Weekly Writing Challenge: A Picture Is Worth 1,000 Words

Roman was “dropped in” thirty years ago. “Dropped” in the spy lingo meant “illegally sent”, the term dating back to the times when spies had been parachuted down to the enemy rear. But no. No parachuting in 1980. Roman was put on a regular Leningrad-Helsinki train as Nikolay Zverev; upon arrival he was slipped a Canadian passport by a passerby with two red flowers wrapped in a local newspaper; then he was ferried down to Amsterdam, where he was given his “final” British passport with all the visas, a stack of 20-pound notes, some Dutch guilders, and the name of his contact in London. He memorized the contact’s name, address and telephone and burned the note. Then, via a web of trains and, finally, the Calais ferry he got off the continent to the Isles. He stopped being Roman in Helsinki, but it was Amsterdam where he became Robert, his new name for years to come.

After two years spent at a closed off village built by the KGB two hundred miles away from Moscow where everyone spoke and acted British he could easily pass for a member of the lower middle class. You’d say he had that kind of chip on his shoulder.  He was actually working as insurance clerk in the village. It was a fake job at a fake company, but then everything else in the village was fake. “As fake as the smile of an American”, was the running joke among the Soviet spies trained there.

For the next fifteen years, Roman – oops!  – Robert would be the perfect sleeper. He was climbing up the ladder in a small defense-related engineering firm, just waiting until he gets sufficiently high to get access to information of real value. After five years in the UK, he met Anna, a lady from York. His mother was Anna. He loved the name. In some two romantic weeks after the first date he proposed. He would have had proposed earlier, but he had to wait for permission to marry to be radioed back from Moscow.

A year later Anna bore him a son. And in three years, a daughter. He wanted to give them Russian names, but knew he couldn’t.

Both have grown into perfectly British kids of a lower middle class family with the ambition of making it up to the higher middle. Robert enjoyed his life. That is, most of the time. Sometimes the contrasting pangs of nostalgia and the “real fakeness” of this life would make him lose his sleep for a couple of days.

It was one of those nostalgic pangs that doomed Robert. Once, walking the kids home from their Sunday music lesson, he found himself (he’d later say, his feet carried him there “on their own”) in front of the Russian Embassy. He didn’t dare to stare at it, to peer inside through the windows behind which he knew his comrades were working to thwart the imperialistic plans of British capitalists. Oh, capitalists they were, what with those meager bonuses for the extra hours he had to put in to become a £16K assistant to the engine construction department boss! He even thought of joining the Labour Party. Moscow said no to that, though. Stay calm and carry on, they said, and thought it funny.  It was, with him spending three hours to decipher the message that every Briton had tattooed on their collective brain!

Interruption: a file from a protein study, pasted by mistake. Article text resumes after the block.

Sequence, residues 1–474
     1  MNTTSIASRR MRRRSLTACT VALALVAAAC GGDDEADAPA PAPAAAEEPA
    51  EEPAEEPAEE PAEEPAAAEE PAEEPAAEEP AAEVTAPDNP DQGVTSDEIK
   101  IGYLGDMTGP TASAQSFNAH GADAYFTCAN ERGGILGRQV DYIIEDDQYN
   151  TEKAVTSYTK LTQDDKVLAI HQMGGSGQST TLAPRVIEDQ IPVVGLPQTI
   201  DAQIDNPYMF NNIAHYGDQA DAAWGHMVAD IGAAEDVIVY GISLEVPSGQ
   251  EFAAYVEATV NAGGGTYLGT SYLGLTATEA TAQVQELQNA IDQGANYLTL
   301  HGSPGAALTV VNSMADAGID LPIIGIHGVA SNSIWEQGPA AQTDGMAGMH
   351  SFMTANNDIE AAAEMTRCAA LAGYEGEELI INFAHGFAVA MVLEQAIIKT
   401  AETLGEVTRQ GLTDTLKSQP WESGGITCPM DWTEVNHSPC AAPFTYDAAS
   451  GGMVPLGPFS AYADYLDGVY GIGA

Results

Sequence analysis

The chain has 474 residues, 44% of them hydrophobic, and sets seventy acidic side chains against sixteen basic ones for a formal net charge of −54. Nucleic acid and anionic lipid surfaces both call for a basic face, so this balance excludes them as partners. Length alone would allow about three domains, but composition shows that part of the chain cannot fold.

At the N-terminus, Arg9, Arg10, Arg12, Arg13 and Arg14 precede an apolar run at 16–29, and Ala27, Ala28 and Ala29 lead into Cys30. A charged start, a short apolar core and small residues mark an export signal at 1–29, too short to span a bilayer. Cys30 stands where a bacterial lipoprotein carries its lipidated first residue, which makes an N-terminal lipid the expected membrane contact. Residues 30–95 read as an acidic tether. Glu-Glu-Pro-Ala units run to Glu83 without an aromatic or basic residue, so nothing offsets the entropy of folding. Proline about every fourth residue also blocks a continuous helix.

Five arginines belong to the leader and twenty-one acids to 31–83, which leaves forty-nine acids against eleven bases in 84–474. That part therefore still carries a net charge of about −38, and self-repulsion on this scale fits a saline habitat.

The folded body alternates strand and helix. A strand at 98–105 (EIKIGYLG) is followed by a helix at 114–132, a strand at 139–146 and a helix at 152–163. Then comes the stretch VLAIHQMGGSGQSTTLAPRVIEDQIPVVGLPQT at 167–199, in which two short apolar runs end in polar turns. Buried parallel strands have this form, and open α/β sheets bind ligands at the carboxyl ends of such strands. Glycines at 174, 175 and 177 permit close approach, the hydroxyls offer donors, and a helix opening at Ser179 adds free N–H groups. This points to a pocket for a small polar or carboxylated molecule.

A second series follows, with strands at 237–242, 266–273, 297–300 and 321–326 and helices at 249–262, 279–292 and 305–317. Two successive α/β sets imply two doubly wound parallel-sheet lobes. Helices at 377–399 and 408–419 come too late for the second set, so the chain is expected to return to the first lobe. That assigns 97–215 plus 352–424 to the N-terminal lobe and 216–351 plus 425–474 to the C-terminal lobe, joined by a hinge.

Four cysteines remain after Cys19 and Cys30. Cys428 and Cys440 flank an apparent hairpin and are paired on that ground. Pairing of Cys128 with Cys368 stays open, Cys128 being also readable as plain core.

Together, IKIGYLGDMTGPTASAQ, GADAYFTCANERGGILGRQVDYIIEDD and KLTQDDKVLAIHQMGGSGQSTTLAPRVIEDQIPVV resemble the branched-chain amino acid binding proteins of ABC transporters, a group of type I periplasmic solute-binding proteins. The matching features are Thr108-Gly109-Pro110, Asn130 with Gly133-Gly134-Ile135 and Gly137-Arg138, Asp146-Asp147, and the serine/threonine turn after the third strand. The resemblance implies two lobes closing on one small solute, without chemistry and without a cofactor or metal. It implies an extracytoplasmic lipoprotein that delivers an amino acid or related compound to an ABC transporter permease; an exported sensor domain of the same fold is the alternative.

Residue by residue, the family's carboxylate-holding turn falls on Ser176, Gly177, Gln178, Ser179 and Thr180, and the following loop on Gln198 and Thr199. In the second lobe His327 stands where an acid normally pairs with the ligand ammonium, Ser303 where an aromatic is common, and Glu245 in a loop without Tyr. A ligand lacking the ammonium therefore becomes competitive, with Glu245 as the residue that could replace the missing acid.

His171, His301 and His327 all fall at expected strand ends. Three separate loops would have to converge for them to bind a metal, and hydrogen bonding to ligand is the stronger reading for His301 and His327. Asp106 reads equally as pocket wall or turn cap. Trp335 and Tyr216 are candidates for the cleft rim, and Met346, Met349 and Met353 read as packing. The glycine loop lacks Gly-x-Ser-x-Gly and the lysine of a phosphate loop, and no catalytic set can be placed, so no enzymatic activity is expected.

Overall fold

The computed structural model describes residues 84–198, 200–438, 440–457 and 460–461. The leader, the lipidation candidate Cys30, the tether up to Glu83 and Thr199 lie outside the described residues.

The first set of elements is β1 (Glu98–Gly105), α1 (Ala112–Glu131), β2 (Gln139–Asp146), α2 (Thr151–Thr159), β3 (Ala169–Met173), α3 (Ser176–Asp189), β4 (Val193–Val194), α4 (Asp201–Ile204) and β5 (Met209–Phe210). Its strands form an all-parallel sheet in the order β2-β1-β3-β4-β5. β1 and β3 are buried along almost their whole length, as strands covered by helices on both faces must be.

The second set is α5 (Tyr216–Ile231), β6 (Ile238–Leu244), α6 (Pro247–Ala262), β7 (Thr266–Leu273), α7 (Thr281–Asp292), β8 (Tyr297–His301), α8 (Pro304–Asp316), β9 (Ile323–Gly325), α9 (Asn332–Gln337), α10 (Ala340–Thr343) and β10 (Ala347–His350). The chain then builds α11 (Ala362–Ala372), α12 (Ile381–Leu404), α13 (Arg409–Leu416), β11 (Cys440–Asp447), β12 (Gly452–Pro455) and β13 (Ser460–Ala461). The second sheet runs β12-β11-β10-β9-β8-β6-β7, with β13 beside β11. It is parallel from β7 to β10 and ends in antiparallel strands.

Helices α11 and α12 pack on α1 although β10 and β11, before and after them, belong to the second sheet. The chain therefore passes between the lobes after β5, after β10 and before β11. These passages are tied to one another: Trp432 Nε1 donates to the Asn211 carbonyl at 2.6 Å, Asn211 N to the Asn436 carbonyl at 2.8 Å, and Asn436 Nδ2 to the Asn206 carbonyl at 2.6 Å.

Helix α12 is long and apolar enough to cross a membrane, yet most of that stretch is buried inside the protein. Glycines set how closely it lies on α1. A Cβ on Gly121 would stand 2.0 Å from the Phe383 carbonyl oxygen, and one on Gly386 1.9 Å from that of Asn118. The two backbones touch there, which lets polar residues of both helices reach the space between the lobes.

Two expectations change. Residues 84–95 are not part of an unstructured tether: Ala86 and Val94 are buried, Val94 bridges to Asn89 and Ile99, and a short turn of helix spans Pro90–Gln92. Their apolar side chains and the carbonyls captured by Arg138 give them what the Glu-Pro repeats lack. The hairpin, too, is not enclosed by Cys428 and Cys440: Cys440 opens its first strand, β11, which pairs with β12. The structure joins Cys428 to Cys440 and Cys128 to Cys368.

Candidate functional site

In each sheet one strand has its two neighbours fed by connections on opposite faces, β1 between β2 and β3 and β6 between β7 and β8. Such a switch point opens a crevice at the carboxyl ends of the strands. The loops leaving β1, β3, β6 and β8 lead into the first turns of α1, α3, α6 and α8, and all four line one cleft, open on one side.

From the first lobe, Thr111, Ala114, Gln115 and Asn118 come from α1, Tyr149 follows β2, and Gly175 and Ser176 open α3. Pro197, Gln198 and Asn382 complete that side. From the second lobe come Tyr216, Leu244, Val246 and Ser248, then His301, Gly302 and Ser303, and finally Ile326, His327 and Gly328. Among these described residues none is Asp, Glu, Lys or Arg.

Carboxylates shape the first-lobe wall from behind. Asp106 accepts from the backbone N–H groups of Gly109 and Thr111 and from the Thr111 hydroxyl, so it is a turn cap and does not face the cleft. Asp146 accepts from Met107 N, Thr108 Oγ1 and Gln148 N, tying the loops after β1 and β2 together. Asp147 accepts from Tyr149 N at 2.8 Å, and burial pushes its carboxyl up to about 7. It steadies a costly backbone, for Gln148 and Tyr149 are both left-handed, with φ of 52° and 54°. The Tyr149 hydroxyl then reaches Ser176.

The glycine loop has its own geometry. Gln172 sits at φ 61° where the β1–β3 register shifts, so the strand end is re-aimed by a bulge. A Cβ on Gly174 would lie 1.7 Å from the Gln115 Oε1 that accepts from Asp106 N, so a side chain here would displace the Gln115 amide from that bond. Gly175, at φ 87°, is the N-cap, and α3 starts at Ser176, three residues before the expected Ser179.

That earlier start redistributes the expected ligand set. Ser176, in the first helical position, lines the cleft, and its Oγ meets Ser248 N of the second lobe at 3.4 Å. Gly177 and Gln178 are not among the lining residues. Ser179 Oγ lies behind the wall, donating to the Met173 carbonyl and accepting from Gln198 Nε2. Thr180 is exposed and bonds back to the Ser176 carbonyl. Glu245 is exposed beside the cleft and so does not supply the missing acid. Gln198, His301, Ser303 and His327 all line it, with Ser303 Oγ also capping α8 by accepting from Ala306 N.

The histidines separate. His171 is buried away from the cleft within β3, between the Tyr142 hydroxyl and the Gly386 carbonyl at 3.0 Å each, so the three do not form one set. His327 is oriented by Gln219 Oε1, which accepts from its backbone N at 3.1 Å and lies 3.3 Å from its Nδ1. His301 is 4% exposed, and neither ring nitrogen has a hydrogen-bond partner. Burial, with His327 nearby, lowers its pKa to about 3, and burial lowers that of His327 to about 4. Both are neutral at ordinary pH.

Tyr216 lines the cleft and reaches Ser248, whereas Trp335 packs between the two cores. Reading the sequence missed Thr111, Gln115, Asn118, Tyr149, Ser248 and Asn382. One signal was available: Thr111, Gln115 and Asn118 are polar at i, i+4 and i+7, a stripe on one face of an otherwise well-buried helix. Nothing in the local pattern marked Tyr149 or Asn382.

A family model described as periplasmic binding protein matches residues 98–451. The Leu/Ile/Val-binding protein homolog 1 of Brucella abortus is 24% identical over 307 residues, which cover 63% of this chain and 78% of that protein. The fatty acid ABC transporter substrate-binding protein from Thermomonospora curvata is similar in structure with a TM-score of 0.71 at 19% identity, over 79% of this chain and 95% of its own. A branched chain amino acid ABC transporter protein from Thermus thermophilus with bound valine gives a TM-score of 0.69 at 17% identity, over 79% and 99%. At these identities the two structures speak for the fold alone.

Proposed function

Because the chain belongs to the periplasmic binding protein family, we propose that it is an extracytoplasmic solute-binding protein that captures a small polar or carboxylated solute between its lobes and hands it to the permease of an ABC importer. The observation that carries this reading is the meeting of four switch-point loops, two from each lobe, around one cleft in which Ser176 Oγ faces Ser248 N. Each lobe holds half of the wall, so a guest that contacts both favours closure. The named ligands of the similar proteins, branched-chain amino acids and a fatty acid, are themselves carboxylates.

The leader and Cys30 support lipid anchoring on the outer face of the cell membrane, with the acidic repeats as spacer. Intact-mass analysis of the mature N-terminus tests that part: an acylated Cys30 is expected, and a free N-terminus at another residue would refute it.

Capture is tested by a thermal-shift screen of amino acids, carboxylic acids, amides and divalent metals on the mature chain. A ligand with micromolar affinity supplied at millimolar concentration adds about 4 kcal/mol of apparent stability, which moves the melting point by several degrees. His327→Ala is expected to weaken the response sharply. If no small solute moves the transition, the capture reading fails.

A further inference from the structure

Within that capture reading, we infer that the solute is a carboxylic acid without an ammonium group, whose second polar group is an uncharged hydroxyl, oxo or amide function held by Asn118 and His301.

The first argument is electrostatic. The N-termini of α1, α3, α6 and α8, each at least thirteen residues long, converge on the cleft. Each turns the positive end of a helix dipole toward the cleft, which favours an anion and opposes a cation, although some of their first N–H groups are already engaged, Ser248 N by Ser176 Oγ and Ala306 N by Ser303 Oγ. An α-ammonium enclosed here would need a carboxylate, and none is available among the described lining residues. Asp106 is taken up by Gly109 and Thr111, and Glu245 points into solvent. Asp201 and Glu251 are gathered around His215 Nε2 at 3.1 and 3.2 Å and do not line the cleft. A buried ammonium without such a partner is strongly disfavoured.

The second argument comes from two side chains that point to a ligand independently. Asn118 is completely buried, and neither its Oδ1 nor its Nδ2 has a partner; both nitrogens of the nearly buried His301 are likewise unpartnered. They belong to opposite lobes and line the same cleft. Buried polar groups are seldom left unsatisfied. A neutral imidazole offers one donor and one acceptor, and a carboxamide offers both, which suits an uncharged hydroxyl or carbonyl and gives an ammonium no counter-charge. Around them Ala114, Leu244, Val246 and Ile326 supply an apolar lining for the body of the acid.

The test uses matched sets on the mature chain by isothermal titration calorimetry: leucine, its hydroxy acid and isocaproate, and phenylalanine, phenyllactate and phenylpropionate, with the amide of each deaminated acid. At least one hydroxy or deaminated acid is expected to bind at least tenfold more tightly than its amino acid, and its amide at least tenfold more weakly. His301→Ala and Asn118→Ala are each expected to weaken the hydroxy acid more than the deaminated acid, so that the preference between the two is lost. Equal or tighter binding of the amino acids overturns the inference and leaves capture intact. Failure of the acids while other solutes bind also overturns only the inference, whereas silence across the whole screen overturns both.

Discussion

And then he thought of his Nikon camera, a fancy gadget he bought a week ago. Something he could not even think of buying in Moscow. He’d  not spent his first roll of film yet. He took it off his shoulder and some Japanese tourist was kind enough to take the picture. He and his kids in front of the red bricks of the embassy as if standing with their backs to the Kremlin wall. He didn’t know the MI5 agents were filming the embassy 24/7 from a window on the other side of the street. The senior agent of the two on duty at the time spotted them with a whispered comment, “Can’t believe it! It’s their agent, posing right before our eyes!”.

“Look at the face”, he explained to his partner. “Russians never smile, no matter how many years they’ve been here”.  “And look at the cuffs”, he added. “A Briton would never allow his jacket to cover the cuffs like that”.

The agents would follow Robert to his home, copy his film from the local lab, laugh at his non-smiling face, then check this passport, discover a Manchester builder who died at 30 under the same name, wait for a year to establish Robert’s connections and, finally, arrest him. The photograph would become “Evidence No.1” in court.

He was never exchanged because  Russia stopped caring about British capitalists and their imperialistic plans. Russians have got a few of their own imperialists among them now who owned football clubs and could get any information for tickets to major games. They mostly wanted to know if Her Majesty would agree to surrender her Buckingham Palace to an unidentified Russian buyer, willing to pay any price Her Majesty would fancy to ask.

As of recently, Her Majesty would fancy keeping the Palace to the Crown, and MI5 would not comment on Robert’s whereabouts.

PS This is a story of fiction, written for the challenge (to write a story based on this picture). Please don’t take it seriously. But I still hope you’ve enjoyed it.

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